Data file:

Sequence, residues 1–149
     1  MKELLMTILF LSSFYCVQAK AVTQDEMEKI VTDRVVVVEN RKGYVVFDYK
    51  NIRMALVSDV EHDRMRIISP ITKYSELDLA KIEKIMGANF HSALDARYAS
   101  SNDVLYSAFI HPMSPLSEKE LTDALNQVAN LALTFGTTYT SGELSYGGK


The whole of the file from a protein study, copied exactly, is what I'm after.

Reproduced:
Sequence, residues 1–149
     1  MKELLMTILF LSSFYCVQAK AVTQDEMEKI VTDRVVVVEN RKGYVVFDYK
    51  NIRMALVSDV EHDRMRIISP ITKYSELDLA KIEKIMGANF HSALDARYAS
   101  SNDVLYSAFI HPMSPLSEKE LTDALNQVAN LALTFGTTYT SGELSYGGK